Sat. Dec 3rd, 2022

Happy end of the seventh week! We are now approaching midterms, and flowing into the second half of the year where things are going to start ramping up.

As a junior English major, it is interesting to see the different workloads between majors, and within the same major. At this time last year, I was drowning in my work constantly writing papers, taking tests and having to adjust to campus life. I transferred here in the fall, not knowing what to expect. Campus life was much different here than at the first university that I attended, granted that my first year in college was 100% online.

There is a bit of amusement when I hear all the freshmen complain about their workload: “class is pointless, I have too many tests, why do I even need to take science credits?” College has taught me how to mature at the snapping sound of fingers. I, too, was a freshman, but my experience was not exactly the same. My original major was Forensic Science and Law, so I was taking three science classes along with two labs. I was overwhelmed within the first two weeks of class, was struggling with how Covid-19 was being handled and was also struggling mentally. As a freshman, I was taking 18 credits. That is something that my advisor forced me to have, so I decided I was going to change that.

I will put it like this: I went to college in Pittsburgh, which is an eight hour drive from Philadelphia. The consequences that I faced were tough; I was away from home, and I had to make an impossible decision: to stick it out for the rest of the semester, or to live at home. For some freshmen, this may seem like an easy answer, but for others who struggle mentally, it is a tough decision to make, especially if the house you reside in is toxic.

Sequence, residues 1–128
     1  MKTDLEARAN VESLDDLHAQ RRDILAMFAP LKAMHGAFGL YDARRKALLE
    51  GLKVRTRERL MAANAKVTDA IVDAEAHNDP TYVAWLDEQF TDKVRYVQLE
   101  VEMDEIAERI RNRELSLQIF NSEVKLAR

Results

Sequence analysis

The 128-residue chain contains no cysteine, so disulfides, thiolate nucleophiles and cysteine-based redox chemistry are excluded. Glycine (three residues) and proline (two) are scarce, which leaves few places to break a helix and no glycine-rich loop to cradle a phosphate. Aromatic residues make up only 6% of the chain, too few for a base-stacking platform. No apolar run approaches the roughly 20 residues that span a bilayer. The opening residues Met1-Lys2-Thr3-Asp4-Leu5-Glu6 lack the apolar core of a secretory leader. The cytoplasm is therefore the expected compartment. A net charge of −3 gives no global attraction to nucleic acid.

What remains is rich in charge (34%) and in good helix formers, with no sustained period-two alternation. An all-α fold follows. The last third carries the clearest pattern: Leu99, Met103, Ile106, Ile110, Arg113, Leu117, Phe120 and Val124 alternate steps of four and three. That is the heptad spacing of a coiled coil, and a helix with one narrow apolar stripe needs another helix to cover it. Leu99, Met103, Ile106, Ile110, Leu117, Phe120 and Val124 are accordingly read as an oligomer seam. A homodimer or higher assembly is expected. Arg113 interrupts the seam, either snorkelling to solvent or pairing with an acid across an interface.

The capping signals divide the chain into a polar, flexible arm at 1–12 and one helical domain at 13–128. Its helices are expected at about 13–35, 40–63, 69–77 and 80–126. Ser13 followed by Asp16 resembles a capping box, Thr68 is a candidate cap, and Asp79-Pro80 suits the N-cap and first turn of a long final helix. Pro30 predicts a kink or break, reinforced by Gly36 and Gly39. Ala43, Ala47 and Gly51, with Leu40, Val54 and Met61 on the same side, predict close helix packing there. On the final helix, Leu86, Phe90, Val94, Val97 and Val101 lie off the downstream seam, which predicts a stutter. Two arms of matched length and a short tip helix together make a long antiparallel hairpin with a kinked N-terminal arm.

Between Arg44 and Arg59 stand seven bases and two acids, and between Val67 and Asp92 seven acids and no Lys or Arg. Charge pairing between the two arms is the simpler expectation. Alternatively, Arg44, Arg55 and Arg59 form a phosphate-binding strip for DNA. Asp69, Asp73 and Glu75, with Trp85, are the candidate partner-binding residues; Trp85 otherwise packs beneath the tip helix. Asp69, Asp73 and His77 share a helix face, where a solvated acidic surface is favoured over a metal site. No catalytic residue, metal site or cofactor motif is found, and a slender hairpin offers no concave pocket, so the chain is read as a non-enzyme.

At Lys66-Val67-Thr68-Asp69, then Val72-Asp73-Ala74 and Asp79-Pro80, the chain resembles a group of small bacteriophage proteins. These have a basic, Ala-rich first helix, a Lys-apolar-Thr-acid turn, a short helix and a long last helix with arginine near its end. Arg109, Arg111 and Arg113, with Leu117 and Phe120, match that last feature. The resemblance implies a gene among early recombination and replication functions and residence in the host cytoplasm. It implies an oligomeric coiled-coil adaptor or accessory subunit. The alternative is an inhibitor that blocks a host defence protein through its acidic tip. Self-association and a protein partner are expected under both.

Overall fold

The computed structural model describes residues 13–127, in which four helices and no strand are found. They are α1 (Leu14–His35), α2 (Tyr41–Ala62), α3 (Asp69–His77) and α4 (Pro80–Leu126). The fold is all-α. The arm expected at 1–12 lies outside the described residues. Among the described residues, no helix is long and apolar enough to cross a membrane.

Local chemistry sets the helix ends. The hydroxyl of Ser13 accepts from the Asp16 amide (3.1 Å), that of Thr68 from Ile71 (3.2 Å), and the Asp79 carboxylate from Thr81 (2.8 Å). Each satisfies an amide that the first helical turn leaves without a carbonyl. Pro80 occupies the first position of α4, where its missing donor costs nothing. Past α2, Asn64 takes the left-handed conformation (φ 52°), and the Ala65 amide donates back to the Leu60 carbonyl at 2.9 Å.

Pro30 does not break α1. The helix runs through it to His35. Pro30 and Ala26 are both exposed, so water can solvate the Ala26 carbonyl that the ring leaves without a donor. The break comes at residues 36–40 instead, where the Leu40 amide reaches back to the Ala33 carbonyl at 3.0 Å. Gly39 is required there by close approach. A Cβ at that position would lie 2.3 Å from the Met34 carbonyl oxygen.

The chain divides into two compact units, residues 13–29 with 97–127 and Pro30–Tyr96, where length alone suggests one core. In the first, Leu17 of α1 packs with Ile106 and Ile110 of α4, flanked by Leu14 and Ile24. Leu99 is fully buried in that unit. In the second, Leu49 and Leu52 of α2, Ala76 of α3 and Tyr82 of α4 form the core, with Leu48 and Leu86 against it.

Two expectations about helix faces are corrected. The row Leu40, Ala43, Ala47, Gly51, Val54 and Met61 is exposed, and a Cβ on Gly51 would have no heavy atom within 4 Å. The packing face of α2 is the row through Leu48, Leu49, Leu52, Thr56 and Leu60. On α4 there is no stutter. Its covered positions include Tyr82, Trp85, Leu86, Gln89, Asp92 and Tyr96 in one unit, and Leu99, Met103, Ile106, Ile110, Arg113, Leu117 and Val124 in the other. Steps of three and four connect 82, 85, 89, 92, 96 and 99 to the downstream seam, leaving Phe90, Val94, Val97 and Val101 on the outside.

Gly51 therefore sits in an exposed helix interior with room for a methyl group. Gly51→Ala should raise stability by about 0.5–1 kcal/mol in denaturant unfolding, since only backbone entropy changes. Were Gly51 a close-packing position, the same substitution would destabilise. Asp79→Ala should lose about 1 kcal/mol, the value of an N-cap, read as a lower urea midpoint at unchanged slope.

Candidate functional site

You may be asking, “How does this tie into freshmen and midterms?” The answer is this: when you are forced into a major, as a freshman, it can make you feel powerless. The course load can become too much, and once you realize it, it is already midterms. If your heart’s not in it, then what is the point of trying? Freshmen are thrown into college, expected to know what they want and what they want to do with their lives. Sometimes, things do not work out. I learned that the hard way; I heard the harsh words of being considered worthless because I did not want to have a STEM major, because I knew the fluidity of the field of forensics. And I did not want that. Changing my major in freshman year was one of the best decisions I have ever made, and it is something that other freshmen should consider doing if they feel stuck in the mud.

I reflect on what it was like to be a freshman and how I was given a bad start. I did not like West Chester University at all, but after a year, I have grown to enjoy this place. The older I get, the more I see my younger sister in these freshmen, as she is a sophomore in high school. I know that it is hard, but you have to give yourself room to breathe. You do not have to have everything figured out in your first year of college, and you do not have to do a million things at once. Live in the moment and take things slowly. It sounds impossible, but it is not, if you know how to balance yourself. Reach out to your professors and ask for more time if needed, or if you can do assignments for extra credit. 

College is not meant to be easy, but as long as you give it your best, then that is all that matters. Sometimes it is easier said than done, but it is possible. You just have to put your head to it. Setting your priorities straight is another impossible decision, but it is one that is beneficial. Being your own top priority is the first step to bettering yourself.


Kayla Redfern is a third-year English major with a women’s and gender studies minor. KR983550@wcupa.edu

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